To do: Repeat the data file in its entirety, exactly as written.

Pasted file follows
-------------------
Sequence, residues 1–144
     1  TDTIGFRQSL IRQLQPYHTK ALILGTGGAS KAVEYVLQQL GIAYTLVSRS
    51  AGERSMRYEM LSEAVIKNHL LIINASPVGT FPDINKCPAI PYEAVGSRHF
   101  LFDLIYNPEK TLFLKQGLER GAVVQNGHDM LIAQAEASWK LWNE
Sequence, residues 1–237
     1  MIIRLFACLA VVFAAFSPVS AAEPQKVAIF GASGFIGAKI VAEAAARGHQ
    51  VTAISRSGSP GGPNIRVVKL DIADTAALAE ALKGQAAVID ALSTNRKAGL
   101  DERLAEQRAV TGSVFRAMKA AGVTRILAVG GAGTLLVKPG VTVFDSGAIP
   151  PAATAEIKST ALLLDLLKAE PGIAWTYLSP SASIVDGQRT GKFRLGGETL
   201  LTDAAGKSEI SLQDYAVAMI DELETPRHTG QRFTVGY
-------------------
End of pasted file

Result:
Sequence, residues 1–144
     1  TDTIGFRQSL IRQLQPYHTK ALILGTGGAS KAVEYVLQQL GIAYTLVSRS
    51  AGERSMRYEM LSEAVIKNHL LIINASPVGT FPDINKCPAI PYEAVGSRHF
   101  LFDLIYNPEK TLFLKQGLER GAVVQNGHDM LIAQAEASWK LWNE
Sequence, residues 1–237
     1  MIIRLFACLA VVFAAFSPVS AAEPQKVAIF GASGFIGAKI VAEAAARGHQ
    51  VTAISRSGSP GGPNIRVVKL DIADTAALAE ALKGQAAVID ALSTNRKAGL
   101  DERLAEQRAV TGSVFRAMKA AGVTRILAVG GAGTLLVKPG VTVFDSGAIP
   151  PAATAEIKST ALLLDLLKAE PGIAWTYLSP SASIVDGQRT GKFRLGGETL
   201  LTDAAGKSEI SLQDYAVAMI DELETPRHTG QRFTVGY